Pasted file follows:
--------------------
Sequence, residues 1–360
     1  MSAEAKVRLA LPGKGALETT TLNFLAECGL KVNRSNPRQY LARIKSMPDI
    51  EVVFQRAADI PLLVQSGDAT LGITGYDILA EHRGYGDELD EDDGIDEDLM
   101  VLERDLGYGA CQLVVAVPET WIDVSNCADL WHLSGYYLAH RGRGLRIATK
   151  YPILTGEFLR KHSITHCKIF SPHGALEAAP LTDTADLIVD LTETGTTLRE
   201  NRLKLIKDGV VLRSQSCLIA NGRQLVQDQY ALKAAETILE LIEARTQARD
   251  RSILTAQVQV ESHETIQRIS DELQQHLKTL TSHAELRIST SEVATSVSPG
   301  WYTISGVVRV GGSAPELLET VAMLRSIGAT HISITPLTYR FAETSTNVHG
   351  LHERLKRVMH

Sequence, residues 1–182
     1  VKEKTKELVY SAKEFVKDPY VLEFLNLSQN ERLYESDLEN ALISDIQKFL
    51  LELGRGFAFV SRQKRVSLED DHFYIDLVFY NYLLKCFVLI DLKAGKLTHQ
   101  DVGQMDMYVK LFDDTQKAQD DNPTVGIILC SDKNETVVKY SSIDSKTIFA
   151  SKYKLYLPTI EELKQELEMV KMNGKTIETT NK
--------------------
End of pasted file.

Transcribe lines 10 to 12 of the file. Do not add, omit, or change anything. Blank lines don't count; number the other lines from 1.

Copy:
Sequence, residues 1–182
     1  VKEKTKELVY SAKEFVKDPY VLEFLNLSQN ERLYESDLEN ALISDIQKFL
    51  LELGRGFAFV SRQKRVSLED DHFYIDLVFY NYLLKCFVLI DLKAGKLTHQ